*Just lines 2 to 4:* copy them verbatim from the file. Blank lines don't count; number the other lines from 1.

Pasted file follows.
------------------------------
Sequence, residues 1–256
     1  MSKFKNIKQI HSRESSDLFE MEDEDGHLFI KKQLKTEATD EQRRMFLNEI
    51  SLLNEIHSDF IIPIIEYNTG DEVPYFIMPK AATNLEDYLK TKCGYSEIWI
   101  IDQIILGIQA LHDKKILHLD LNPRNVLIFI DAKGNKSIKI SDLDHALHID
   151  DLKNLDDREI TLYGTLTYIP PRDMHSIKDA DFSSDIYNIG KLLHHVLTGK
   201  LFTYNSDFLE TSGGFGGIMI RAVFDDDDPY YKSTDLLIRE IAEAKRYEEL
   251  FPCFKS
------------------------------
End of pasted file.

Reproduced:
     1  MSKFKNIKQI HSRESSDLFE MEDEDGHLFI KKQLKTEATD EQRRMFLNEI
    51  SLLNEIHSDF IIPIIEYNTG DEVPYFIMPK AATNLEDYLK TKCGYSEIWI
   101  IDQIILGIQA LHDKKILHLD LNPRNVLIFI DAKGNKSIKI SDLDHALHID